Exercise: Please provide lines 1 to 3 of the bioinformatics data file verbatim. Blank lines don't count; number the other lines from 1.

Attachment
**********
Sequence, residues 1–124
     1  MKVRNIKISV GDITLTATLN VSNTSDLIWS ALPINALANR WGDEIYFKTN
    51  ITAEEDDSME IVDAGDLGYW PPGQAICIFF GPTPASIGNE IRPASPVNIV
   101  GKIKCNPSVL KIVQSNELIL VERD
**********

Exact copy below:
Sequence, residues 1–124
     1  MKVRNIKISV GDITLTATLN VSNTSDLIWS ALPINALANR WGDEIYFKTN
    51  ITAEEDDSME IVDAGDLGYW PPGQAICIFF GPTPASIGNE IRPASPVNIV